Eventually, a quadrangle of farm buildings that once housed stables and a chicken coop will be converted into classrooms and workshops for children, students and adults to try their hand at art or learn about history. art, Vizcaya, Miami history, local environment and sustainability. It’s an ever-present topic for the historic estate, which has been repeatedly battered by hurricanes and flooding and is increasingly threatened by rising sea levels.
The low-slung brick chicken coop, which features a row of egg-shaped windows, will become the new home of Vizcaya’s essential conservation team and a conservation laboratory where staff can work to preserve the estate’s architectural features, the garden statuary and its vast collection of art and furnishings. Visitors will be able to observe the restorers at work.
The idea is to expand activities and exhibits for ticket buyers, encourage repeat visits and attract occasional visitors from surrounding neighborhoods. Hoffman noted that South Miami Avenue and the Commodore Trail, which is slated for a major upgrade, branch off the two halves of Vizcaya and are heavily used by cyclists and pedestrians. This traffic is only expected to increase once the planned Underline, a path for cyclists and pedestrians currently under construction under Metrorail tracks across US 1, opens later this year.
“We’re creating access to a new civic and cultural center,” Hoffman said, while giving reporters a tour of the village. “The goal is to invite pedestrians, cyclists and neighbors to enjoy this incredible space.
“Our visitors can get a much better and broader understanding of the history of the property, the people who built the estate and those who worked and kept it running on a daily basis.”
The initial phase of the renovation project, which includes the demolition of the science museum, the conversion of the paint shop building, the renovation of the superintendent’s residence and the installation of the cafe, is entirely funded by a federal grant from $500,000, to be used on the super house, and nearly $5.9 million in county general obligation funds earmarked for Vizcaya. Costs for subsequent upgrades, including the planned new visitor center, are still being worked out, Vizcaya administrators said.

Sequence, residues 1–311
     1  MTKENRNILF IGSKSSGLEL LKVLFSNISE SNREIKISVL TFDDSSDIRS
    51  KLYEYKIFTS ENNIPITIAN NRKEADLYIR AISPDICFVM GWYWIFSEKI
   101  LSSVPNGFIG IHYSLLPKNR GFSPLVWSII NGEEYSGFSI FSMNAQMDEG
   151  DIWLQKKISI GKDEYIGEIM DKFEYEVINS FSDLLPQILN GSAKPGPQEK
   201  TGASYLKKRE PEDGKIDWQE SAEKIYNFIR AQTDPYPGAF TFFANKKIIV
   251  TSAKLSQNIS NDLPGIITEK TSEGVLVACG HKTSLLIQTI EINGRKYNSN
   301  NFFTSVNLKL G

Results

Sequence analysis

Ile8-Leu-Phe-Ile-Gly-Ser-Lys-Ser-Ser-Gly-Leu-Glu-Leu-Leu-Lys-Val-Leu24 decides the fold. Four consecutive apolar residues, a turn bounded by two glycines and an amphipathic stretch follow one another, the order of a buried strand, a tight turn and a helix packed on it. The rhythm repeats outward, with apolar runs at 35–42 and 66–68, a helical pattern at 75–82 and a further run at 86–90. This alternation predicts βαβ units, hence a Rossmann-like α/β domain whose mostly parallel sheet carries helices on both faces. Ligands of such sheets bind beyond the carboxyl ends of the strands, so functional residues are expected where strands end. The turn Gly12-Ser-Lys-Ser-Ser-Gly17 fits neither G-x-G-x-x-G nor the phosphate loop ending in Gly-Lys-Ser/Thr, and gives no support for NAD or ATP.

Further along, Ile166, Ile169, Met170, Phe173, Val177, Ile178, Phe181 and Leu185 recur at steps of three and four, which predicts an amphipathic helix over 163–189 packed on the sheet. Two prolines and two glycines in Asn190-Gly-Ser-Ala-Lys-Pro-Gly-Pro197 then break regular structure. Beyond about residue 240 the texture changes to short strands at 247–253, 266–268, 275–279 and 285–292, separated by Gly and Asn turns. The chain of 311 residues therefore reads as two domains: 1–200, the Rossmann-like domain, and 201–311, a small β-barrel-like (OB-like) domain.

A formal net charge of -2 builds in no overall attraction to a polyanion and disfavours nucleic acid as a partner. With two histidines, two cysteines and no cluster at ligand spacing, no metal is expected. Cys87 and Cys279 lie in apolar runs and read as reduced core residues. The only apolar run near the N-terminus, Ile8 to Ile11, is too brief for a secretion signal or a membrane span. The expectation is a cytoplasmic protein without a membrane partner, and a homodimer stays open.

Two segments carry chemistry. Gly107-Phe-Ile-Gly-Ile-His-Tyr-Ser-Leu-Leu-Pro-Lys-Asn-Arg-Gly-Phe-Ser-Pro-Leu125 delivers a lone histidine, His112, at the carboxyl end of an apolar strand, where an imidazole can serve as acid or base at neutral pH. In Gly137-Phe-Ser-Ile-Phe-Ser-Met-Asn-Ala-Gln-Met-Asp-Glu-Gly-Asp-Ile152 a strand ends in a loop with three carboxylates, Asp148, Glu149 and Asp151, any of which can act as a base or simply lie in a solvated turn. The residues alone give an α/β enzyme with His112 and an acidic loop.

After the county took over ownership of the village, its buildings became the headquarters of the Miami-Dade Parks Department, but have lain largely unused and fenced off to the public since the agency moved to Miami-Dade years ago. exception of occasional special events, such as a recent antique. -car show.
Some renovations, including new roofs for buildings in the village, have already been completed as part of $8 million in repairs to damage caused by Hurricane Irma, which ripped through the estate in 2017. The pair of ornate gatehouses du village underwent a complete restoration ten years ago and is used as staff offices.
But the damage caused by Irma was so extensive that repair work was only completed last year, delaying the start of the Vizcaya Village project, which was approved by the Miami-Dade Commission the same year.
Preliminary work has started. Construction fencing has been erected on the land where contractors are installing full water and electricity service for the village.
Vizcaya field crews have also gradually replanted some open areas with scrub pines. An aromatic herb garden occupies a building courtyard.
Once the old science museum is destroyed, a 12 meter wide pine buffer zone will be planted along a new masonry wall at the eastern boundary of the property with Bay Heights to protect the adjoining houses from village activities .
The famous Pan Am Airways globe that once greeted visitors to the science museum is safe. The Frost donated the iconic 1934 globe to Downtown Miami Worldcenter, which restored and reinstalled it in a public plaza of the multi-block development earlier this month.
The Science Museum parking lot will remain as Vizcaya can no longer accommodate all visitors arriving by car to the bayside property. The estate’s main parking lots sit in the middle of a thick hammock and cannot be altered or expanded, Hoffman said.
In a future phase, however, a section of asphalt at the entrance to the village will be replaced by a new building that would serve as the new main entrance to Biscay, complete with ticket office and auditorium. Streetcars would take visitors across busy South Miami Avenue to the house and gardens.
“It could be a very busy place,” Hoffman said.